When cutting interviews, try to listen carefully to what is being said, and cut out any extraneous information. If they umm and pause a lot, go through the clip and cut out all those gaps, and join the rest of the conversation back together. You’ll be surprised by how cohesive people can sound once you trim away their nervous quirks. Don’t be too judicious however, as you can end up with rambling Frankenstein robots. EXAMPLE VIDEO? And be careful, the more you slice and dice, the more jump cuts you’ll have to cover with overlay. This is mostly OK in the main body of your film once characters have been introduced, but to have enough time to put a lower third over someone’s interview, they’ll need to be on screen, uninterrupted for a minimum of 6 seconds. So keep that in mind.
Otherwise, prune away. You might even find that you can get really creative without damaging the audio content, by putting the end of someone’s sentence at the beginning for instance. By tidying up these interview clips, your film will flow better and your interview subjects will be much more coherent and appear super intelligent and concise. Everybody wins.
Cross ref. with Sound – atmos
So you made sure you recorded atmos at location- x didn’t you? Because if you didn’t, this is when you’re going to find out. When editing, you may encounter situations where you need to cut to silence, to give a moment of breathing space after a comment or to bridge two locations. If you cut to absolute silence it will be very, very noticeable, so this is where you paste in the atmospheric sound that you (so diligently) collected on location. Keep a sequence with your atmos sample open and then you can readily cut and paste it in as required. Different locations will have different atmospheric sounds so collect and collate all atmos from all locations before editing. EXAMPLE VIDEO?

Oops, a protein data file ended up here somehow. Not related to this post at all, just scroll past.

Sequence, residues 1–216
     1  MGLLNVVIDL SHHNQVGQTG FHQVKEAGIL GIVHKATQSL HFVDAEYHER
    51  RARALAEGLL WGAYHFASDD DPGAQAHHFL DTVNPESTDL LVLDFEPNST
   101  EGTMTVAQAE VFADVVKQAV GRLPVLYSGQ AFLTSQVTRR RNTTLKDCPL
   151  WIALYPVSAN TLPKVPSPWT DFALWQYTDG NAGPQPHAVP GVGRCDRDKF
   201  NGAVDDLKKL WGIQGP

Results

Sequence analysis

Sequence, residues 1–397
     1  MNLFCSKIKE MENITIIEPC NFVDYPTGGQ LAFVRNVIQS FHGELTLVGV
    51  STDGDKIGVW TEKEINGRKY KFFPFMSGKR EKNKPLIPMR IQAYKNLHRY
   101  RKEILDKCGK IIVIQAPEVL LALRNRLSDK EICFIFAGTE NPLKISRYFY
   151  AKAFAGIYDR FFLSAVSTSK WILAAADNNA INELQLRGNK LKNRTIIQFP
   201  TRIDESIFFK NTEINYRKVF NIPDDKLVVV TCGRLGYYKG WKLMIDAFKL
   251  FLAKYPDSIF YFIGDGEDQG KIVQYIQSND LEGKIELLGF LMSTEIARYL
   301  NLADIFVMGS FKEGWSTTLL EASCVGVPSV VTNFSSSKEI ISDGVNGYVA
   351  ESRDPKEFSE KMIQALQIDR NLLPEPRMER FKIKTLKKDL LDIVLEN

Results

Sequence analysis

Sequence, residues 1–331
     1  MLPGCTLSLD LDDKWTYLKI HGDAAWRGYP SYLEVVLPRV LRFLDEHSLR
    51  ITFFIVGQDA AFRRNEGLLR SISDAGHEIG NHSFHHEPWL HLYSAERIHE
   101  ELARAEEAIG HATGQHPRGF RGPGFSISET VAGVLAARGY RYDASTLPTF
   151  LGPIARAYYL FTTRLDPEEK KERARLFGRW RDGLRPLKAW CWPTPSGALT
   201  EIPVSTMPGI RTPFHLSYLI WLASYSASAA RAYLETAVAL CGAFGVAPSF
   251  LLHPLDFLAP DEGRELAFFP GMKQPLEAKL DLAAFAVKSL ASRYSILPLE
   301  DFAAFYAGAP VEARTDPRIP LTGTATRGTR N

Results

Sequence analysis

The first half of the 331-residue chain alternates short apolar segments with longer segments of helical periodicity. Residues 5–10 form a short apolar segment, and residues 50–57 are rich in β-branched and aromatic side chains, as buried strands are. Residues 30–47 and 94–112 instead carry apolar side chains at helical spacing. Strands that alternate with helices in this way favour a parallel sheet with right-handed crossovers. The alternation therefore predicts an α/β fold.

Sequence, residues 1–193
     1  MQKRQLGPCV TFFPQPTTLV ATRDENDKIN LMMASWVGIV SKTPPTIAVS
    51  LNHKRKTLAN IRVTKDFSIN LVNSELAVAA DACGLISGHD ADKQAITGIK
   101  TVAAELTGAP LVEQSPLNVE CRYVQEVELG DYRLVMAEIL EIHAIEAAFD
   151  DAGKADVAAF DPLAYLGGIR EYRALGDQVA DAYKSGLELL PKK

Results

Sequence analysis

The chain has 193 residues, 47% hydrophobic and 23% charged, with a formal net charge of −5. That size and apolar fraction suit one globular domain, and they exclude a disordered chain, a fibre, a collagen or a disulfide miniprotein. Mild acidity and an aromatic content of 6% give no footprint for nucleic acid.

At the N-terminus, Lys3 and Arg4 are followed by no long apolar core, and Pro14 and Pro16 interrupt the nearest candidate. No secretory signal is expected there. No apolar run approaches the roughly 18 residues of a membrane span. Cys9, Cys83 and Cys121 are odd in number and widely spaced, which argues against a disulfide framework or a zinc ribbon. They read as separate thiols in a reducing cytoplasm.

When out on a shoot you might come across a situation where you just can’t remove yourself from a particular sound. One situation we got ourselves into was filming a presentation out in the bush where there was no electricity. They had their own generator running the lighting, microphones and speakers etc. which made an ungodly noise all through the day and night. We couldn’t turn it off and we couldn’t go anywhere else to shoot.
When an unavoidable situation like this occurs you have one final solution up your sleeve. When on shoot, collect footage of the offending sound in question and when back in your editing suite, use cutaways to ‘explain away’ the noise. If you’re audience watches a clip of an interview with a noisy generator they will be distracted by the noise. If you cutaway to the generator buzzing away and then back to the interview, you’re audience will be more understanding and will begin to forget the noise is even there. It isn’t the most elegant of solutions but at least it’s honest, and it does work!
When cutting a piece of video along with a piece of music (that has a beat or rhythm) a very helpful way to help you decide the rhythm of your cuts is to cut to the beat of the track. Some people without a rhythmic bone in their body might find this difficult at first, but it will help to sync the audio and video that much more and provide emphatic punctuation to actions, comments or transitions. Count along with your music (1, 2, 3, 4, 2, 2, 3, 4, just the way you used to in music class) and use your NLE’s play button (or space bar for ease) to stop the play head exactly on these beats. Then make your cuts using these beats as a guide. Some NLE’s will even offer grid overlays that sync with your track’s tempo to provide a useful visual support structure. Always cutting on the beat can become predictable though so always remember to mix it up with every 3rd or 4th cut, not happening on the beat, just to keep your audience on their toes.
Sometimes you will want to see how your scene feels with music added in but you might not already have your soundtrack complete (or even chosen). In this case, a lot of editors will cut to temporary music. Choose a track that emulates the feel of the scene you are going for and cut your scene to this track. You will get an immediate emotional upgrade from throwing in a hugely commercial track with strong emotional power that can be both a blessing and a curse. On the positive side it will help you see which parts of your scene don’t work in the given emotional spectrum. The bad news is you might get too attached to the piece and not be able to use it later (because of highly prohibitive commercial costs). There are lots of ‘royalty free’ songs though, that you can use for your production that cater to a wide range of emotions at a fraction of the cost of using actual songs. Or you could write and create your own to tap into exactly the emotional vein you are looking for. The main message here is don’t get too attached to expensive fancy things that whilst great, you can never, ever have.